'Workaholics' Stars on Their Big Screen Dreams and 'Arrested Development' Cameos
Blake Anderson, Anders Holm, Adam DeVine and Kyle Newacheck also remember castmember Jet Set, who died in December.
Comedy Central’s Workaholics wraps season three March 20, but stars Blake Anderson, Adam DeVine, Anders Holm and director and recurring actor Kyle Newacheck will be returning for at least 26 more episodes.
The comedy wunderkinds also have their sights set on writing and starring in their own features, with the group working on rewrites for an action-adventure comedy, the details of which they are keeping under wraps.
“It’s not a Workaholics movie, but it’s going to be just as fun,” Holm tells The Hollywood Reporter.
“We have the most fun on Workaholics when we’re out and about and a story is really moving – when we’re going place to place and there’s a ticking clock,” DeVine adds. “That’s the vein of the movie.”
During a conversation with THR, the guys also revealed details of their upcoming Arrested Development cameos and shared memories of working with Jessie "Jet Set" Hudson, who died unexpectedly of a heart attack in December.
The Hollywood Reporter: Does knowing you’ve got at least 26 more episodes to shoot change the way you approach the show?
Anders Holm: I think now we get to start phoning stuff in. We can let our hair down and say, “You know what, it’s not that good, but let’s move forward." No, actually, I think we’re going to keep writing the show how we write it, and hopefully it comes out as funny as the other seasons.
Kyle Newacheck: I have the fact that we’re going to be responsible for another 26 episodes of Workaholics in my brain. I’m always thinking “What happens if Ders does this? What happens if Blake does this? Is Blake going to go back into the theater? Is Ders going to run for city counsel? Is Karl going to get a sex change?”
THR: Blake, we’ve seen Ders and Adam’s family members. Are we going to get to see any of Blake’s?
Blake Anderson: It depends on if we can either get Channing Tatum or Mick Foley, the professional wrestler, because I’m not settling for anything less.
Adam DeVine: Or we might meet Blake’s lesbian moms. We haven’t gotten into the writers' room, but once we do, we’ll probably start digging deep into that Blake Chesterfield Henderson well.
THR: How far ahead of shooting do you go in and start writing?
AD: We go in about three months before, because we try to get as much done as we can before we start shooting. Since we’re involved in the writing of every episode, it’s kind of hard for us to write and shoot the show at the same time.
AH: That’s spoken like a Hollywood Reporter top showrunner, y’all.
THR: Where did you find the supporting characters in the office, like Waymond (Waymond Lee) or Montez (Erik Griffin)?
AD: Waymond was a Craigslist find. He came in and we thought he was so funny. We kind of put him in every episode since.
BA: We found Jet Set in a big extras casting book.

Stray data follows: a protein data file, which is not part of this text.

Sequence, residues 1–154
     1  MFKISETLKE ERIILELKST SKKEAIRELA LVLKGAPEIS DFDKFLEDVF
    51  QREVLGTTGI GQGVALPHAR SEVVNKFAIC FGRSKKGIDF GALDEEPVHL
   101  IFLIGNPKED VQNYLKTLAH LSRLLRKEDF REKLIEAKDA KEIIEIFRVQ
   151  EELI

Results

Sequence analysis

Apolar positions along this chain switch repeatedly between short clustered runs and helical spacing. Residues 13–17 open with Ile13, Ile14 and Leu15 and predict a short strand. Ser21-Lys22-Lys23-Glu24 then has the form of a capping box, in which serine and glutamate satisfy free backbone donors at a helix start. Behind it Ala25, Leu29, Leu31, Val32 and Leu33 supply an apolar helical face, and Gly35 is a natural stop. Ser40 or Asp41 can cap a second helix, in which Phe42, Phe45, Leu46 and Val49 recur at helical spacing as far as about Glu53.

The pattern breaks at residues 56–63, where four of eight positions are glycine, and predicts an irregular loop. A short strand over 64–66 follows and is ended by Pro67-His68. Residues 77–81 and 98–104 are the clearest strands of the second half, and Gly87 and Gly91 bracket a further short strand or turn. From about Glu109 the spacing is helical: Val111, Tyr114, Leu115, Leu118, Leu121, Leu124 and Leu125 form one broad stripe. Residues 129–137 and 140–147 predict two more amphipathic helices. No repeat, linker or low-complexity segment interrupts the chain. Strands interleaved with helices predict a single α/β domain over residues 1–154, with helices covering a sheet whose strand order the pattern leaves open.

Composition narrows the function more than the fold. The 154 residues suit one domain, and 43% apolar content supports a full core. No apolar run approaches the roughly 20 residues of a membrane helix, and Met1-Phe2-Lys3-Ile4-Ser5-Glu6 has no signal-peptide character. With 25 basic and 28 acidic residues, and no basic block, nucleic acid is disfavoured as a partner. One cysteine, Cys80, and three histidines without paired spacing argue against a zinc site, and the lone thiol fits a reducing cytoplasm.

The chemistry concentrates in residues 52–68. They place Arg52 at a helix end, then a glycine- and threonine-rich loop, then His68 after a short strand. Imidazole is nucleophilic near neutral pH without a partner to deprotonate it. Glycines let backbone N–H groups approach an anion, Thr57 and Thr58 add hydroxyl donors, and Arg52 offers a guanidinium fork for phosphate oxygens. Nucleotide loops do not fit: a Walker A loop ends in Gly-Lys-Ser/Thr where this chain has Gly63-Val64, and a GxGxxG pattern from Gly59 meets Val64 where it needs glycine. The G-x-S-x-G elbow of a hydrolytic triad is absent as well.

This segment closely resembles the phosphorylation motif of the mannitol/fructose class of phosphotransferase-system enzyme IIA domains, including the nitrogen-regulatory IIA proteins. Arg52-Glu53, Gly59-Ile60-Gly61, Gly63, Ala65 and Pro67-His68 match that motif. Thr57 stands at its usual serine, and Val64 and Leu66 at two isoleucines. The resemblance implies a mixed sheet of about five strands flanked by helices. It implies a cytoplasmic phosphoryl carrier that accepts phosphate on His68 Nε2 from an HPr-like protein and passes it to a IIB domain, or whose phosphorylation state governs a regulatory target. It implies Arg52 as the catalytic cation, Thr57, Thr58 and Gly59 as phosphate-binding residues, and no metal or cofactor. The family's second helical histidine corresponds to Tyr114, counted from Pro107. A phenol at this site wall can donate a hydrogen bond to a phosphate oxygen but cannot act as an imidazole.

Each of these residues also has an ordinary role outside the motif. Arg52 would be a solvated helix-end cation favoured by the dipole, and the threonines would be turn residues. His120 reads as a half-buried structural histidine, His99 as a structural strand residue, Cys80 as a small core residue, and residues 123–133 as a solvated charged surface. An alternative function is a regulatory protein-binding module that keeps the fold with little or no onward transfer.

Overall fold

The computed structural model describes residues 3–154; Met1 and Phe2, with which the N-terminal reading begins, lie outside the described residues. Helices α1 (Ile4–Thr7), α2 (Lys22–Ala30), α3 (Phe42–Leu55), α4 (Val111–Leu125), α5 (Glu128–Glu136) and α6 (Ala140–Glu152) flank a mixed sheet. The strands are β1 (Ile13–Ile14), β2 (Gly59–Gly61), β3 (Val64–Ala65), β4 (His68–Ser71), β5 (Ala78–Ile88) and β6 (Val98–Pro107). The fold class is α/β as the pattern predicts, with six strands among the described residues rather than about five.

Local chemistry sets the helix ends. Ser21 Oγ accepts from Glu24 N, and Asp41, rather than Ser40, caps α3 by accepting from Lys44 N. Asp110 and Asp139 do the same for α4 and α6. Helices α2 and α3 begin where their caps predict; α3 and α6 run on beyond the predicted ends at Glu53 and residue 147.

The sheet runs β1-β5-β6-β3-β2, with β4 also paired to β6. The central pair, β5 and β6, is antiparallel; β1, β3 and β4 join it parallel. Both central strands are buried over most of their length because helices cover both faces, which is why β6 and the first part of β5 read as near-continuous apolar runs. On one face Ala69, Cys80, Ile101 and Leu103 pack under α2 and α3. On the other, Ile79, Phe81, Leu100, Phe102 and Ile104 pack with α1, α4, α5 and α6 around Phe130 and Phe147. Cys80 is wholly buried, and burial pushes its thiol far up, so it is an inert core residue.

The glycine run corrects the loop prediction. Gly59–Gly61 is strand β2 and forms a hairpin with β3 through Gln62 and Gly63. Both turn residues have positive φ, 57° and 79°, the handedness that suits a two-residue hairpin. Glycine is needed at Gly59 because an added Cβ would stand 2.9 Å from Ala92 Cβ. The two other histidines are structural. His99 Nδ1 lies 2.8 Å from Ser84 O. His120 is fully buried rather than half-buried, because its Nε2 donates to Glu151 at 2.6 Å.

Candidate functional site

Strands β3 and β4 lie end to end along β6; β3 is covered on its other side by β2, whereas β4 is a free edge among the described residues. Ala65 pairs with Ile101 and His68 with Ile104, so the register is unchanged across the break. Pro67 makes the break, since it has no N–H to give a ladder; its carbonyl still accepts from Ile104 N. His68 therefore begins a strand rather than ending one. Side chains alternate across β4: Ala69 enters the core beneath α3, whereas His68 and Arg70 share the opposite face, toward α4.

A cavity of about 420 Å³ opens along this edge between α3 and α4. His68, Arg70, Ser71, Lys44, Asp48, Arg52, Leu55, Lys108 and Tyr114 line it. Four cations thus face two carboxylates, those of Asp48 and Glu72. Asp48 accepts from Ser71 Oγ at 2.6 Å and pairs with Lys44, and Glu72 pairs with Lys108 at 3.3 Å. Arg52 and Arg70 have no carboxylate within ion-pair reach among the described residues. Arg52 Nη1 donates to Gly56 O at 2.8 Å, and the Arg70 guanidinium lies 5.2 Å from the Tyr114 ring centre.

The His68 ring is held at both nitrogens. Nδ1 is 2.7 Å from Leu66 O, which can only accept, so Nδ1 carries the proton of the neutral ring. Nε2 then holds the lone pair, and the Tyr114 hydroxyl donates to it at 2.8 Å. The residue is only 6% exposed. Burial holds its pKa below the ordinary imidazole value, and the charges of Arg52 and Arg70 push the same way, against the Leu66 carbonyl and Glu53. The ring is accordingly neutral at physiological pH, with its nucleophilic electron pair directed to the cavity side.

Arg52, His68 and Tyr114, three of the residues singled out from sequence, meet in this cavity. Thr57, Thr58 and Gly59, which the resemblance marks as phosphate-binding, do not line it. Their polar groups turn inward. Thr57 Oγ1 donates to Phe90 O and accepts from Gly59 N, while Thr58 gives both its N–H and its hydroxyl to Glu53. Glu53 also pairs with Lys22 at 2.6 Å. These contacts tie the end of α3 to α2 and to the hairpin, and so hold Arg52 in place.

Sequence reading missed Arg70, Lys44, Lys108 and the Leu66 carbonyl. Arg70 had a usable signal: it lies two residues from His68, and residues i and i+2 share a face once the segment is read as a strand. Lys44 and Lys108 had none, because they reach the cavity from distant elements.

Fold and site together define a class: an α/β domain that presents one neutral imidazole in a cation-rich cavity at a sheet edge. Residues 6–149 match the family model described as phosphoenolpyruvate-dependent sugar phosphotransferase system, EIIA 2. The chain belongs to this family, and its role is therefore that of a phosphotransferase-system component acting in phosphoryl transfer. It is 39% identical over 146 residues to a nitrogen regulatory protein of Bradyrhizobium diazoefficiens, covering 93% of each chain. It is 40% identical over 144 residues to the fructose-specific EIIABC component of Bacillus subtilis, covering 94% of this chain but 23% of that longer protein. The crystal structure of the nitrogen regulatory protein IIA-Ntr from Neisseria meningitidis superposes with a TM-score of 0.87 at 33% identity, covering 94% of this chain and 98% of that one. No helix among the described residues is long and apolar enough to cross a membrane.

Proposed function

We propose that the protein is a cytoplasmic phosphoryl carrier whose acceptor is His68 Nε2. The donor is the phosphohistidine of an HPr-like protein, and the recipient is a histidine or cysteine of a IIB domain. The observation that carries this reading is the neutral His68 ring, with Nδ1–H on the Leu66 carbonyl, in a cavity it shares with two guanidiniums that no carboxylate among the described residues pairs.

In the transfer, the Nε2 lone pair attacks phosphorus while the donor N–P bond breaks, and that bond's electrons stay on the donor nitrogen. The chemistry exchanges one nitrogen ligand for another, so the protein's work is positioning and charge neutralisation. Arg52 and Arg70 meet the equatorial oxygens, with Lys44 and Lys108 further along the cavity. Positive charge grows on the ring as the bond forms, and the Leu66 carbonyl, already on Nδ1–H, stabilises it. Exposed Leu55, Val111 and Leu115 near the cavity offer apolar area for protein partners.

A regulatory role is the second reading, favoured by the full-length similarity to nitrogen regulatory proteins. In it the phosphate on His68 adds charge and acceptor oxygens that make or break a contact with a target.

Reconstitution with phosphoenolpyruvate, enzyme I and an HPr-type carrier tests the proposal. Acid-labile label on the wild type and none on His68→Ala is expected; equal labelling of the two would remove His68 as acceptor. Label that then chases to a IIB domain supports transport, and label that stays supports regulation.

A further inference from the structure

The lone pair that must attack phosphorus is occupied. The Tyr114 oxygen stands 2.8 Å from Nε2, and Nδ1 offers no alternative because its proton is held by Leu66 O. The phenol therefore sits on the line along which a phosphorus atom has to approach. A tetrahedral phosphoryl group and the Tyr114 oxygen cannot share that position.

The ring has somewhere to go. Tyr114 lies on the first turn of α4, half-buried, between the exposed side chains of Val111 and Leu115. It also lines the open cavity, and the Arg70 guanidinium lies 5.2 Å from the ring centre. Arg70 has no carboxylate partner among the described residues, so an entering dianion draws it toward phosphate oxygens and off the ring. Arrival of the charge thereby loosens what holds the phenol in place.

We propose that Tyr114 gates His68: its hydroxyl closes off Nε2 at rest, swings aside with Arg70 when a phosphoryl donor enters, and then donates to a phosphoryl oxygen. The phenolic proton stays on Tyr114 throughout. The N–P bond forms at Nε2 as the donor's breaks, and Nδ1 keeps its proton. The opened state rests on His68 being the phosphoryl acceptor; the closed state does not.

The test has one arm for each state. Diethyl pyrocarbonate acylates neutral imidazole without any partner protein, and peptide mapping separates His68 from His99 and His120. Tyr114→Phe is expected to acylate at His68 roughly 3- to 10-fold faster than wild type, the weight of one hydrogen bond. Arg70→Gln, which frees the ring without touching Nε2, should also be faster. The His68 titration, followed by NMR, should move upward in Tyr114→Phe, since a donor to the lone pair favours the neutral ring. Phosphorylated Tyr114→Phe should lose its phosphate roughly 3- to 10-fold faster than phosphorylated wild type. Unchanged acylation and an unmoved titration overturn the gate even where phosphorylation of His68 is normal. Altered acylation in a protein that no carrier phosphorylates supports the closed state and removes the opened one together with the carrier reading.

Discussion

AD: We saw that hair and saw that his name was Jet Set, and it was like, “That’s our guy.”
THR: Do you have any favorite memories of working with Jet Set?
AH: He was cool and grateful to be on the show. He was kind of the essence -- the glue -- of the show. He was Workaholics. He was just a pleasure to work with.
AD: He was always down for whatever. For whatever reason, he always just killed it. Everything he said was that funny. We were able to kind of give him a shot and exploit how funny and awesome he was. He was also appreciative that he was finally given a shot. He had been around the block a few times and had been wanting to do this for years and years, and nobody ever gave him the opportunity. We were lucky enough to find him and give him that opportunity.
THR: What was working on Arrested Development like?
AD: [Arrested Development creator] Mitch Hurwitz came on set for [a cameo on] season two and was legitimately the funniest dude any of us had ever been around. He came in and crushed it. He actually hooked us up and threw these dogs a bone and put us on the new season of Arrested Development. It’s just one episode, a small cameo. Speaking for myself, it’s one of my favorite comedy shows of all time.
THR: Is it more than one scene?
AD: It’s one scene. It was fun that he [Hurwitz] hooked us up and gave us a shot at it. I know I’m going to watch all of the episodes the second they're on Netflix.
THR: You have an interest in writing and starring in your own movies. What's the status of the film you've been working on getting made?
KN: It’s undergoing rewrites right now. It’s definitely moving, and we’re all very excited to do it. It’s an action comedy, and it’s going to be really badass and super funny. We’re keeping a lot of it under wraps. I think I can say if you like Workaholics, you’re going to like this movie.
AH: It’s not a Workaholics movie, but it’s going to be just as fun.
THR: Kyle, as director, how do you manage the chaos of this show?
KN: You really have to embrace the chaos. It’s navigating the chaos and pointing it in different directions. I try to listen to everybody’s ideas and if somebody thinks something is funny, then I’m into it. And if I think it’s funny, they’re into it.
THR: Of the episodes that haven’t broadcast yet, which one are you most excited for the fans to see?
BA: We go out pretty strong.
AH: The finale is a strong doggy.
AD: We’re lost in the woods the whole episode. And Jillian’s (Jillian Bell) with us.
AH: It’s a couple’s retreat. Blake and Jillian and me and Adam.
Workaholics airs Wednesdays at 10 p.m. ET/ 9p.m. CT on Comedy Central.